He just got up and left the room!
Who does that?!
In the middle of writing a sentence.
Who does he think he is?
Henry David Thoreau in need of an inspirational stroll.
Let me rewind a bit. My son is in kindergarten and last week he and his classmates brought home Writing Journals. Every Thursday night they will be given a writing prompt for homework. This could be fun. Although, I knew just because I love to write doesn't mean my five year-old, who just learned how to hold a pencil, will share my passion.
We were playing with his matchbox garage when I asked him if he was ready to write in his journal. He was said he was and he went downstairs to get his brand new Writing Journal. When he came back up I was waiting with baited breath. I tried to contain my excitement.
The writing prompt was glued to the top of the page. It was so cute. His assignment was to illustrate something he likes to do in the snow and then write a sentence describing his illustration. Derek chose to draw a picture of a snowman. He seemed to be enjoying himself and I was beginning to think that this would be an enjoyable weekly ritual. His little snowman was adorable but, as you can imagine, I was more excited about what he was going to write.
When he finished coloring he just stopped. I had to remind him that he had to write a sentence. He was fine with that. I think he simply wasn't accustomed to writing sentences. He dictated it to me first. It was something like "I like to make a snowman."
He went back and looked at the reminders that his teacher had glued inside his journal. So he knew that the i had to be uppercase or capital. I can't remember which term they use nowadays. And then? Well, then he had to go downstairs. He said he'd be right back. It was at this that I was worried that maybe this was going to be too much for him. Or that he just decided to give up.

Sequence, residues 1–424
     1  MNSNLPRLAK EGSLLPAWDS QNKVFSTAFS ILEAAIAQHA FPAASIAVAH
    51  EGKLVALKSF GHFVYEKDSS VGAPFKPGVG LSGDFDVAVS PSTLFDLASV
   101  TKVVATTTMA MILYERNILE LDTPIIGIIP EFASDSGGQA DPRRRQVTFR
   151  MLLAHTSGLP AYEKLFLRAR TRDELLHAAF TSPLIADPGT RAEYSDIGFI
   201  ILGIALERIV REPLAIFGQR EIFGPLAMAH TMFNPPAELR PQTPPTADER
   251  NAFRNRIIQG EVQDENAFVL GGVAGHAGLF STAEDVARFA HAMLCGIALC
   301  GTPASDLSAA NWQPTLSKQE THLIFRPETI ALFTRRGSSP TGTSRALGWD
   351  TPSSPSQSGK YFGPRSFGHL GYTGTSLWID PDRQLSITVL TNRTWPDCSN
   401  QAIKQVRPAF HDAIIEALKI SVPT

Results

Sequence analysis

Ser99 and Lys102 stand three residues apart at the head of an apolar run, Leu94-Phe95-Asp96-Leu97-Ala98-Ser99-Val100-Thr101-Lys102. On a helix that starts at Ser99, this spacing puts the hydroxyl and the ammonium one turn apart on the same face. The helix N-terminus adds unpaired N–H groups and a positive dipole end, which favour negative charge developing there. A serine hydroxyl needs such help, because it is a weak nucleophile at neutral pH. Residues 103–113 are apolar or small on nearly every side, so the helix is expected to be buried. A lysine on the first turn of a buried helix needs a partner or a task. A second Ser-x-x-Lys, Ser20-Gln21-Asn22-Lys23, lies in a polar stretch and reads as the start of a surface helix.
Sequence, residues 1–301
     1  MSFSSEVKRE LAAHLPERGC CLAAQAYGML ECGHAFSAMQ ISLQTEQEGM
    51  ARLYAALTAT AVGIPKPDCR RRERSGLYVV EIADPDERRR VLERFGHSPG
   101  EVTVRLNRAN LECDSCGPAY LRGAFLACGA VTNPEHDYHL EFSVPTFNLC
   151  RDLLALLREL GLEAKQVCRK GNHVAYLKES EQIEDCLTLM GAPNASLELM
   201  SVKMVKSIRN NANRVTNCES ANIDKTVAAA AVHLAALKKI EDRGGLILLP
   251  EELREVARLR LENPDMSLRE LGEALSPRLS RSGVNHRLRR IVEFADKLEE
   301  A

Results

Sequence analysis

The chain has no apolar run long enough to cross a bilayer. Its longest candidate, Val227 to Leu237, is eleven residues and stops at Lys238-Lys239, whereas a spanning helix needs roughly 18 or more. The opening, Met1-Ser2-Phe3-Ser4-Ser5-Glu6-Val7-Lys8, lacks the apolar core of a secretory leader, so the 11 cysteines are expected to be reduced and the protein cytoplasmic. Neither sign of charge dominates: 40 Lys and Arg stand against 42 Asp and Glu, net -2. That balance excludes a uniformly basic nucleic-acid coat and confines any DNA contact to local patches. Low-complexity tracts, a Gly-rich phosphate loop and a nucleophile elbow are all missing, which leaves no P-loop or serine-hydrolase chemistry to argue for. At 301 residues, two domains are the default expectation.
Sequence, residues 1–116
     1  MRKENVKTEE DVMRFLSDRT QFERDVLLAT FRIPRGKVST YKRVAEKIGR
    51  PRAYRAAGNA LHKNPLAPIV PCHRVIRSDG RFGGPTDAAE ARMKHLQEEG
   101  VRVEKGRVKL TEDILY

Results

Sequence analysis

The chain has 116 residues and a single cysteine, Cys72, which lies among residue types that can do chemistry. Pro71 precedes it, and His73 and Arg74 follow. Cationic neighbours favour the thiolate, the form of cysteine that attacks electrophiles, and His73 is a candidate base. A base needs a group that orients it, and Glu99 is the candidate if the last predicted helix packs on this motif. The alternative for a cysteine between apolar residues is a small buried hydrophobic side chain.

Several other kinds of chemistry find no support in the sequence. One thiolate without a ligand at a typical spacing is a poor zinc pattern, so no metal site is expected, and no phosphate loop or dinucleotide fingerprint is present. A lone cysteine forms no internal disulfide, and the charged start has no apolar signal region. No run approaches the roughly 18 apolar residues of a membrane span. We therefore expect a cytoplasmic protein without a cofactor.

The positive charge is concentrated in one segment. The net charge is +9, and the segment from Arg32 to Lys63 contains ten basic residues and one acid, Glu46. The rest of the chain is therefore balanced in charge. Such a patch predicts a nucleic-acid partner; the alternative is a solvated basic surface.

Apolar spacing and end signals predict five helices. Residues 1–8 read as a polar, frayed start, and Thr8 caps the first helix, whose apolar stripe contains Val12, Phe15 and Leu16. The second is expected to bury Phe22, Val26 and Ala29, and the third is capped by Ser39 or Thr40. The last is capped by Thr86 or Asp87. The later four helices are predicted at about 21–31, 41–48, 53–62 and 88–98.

A minute or two later he returned. With his backpack. He had remembered that that day he had completed a worksheet that actually had the word like on it.
What a clever kid!
Here I was thinking that he may have been giving up and he was simply warming up. He used this sheet as a reference to spell a few words and I helped him with the rest. I didn't spell them for him. But I did help him sound the words out so that were phonetically correct.
I was so proud of my little buddy. He not only wrote his first sentence, he showed me that he had already learned an important lesson. One that I think we too often forget.
We don't need to know it all!
We spend too much of our time trying to cram too much stuff into our heads. We don't leave space for thoughts and ideas to move around. And yet we are constantly trying to fill our heads with more. Then we wonder why when it comes time to solve a problem or create something unique, we are unable.
It is because the stuff we have in our heads has no room to move. To breathe. To grow.
It's time to stop this madness!
We must pick a few things and try to learn as much about them as we possible can. Things that we are passionate about. Things that keep us up at night. In a good way.
You have a question about how to implement Makerspaces. Contact Laura Fleming.
You're not sure how to create an engaging lesson. Direct message Dave Burgess.
A leadership issue has you stumped. Tweet Todd Whitaker.
You can't figure out how to motivate young black males. Connect with Baruti Kafele.
This list could go on and on. But you get the point. You don't need to know everything about everything. Give yourself a break. Allow yourself some space. And simply pick one or two things where you can kick ass.
And while we're at it, let's remind our kids and our students of this too. We owe it to them. Honor rolls and Principal's lists are crazy. Who nowadays is actually good at everything?
Lin Manuel Miranda and...
Short list of one.
My son taught me a wonderful lesson last week. Let's just hope I remember it the next time I think I need to know it all. I won't and I never will. And that's okay. Because as The Beatles sang:
I get by with a little help from my friends.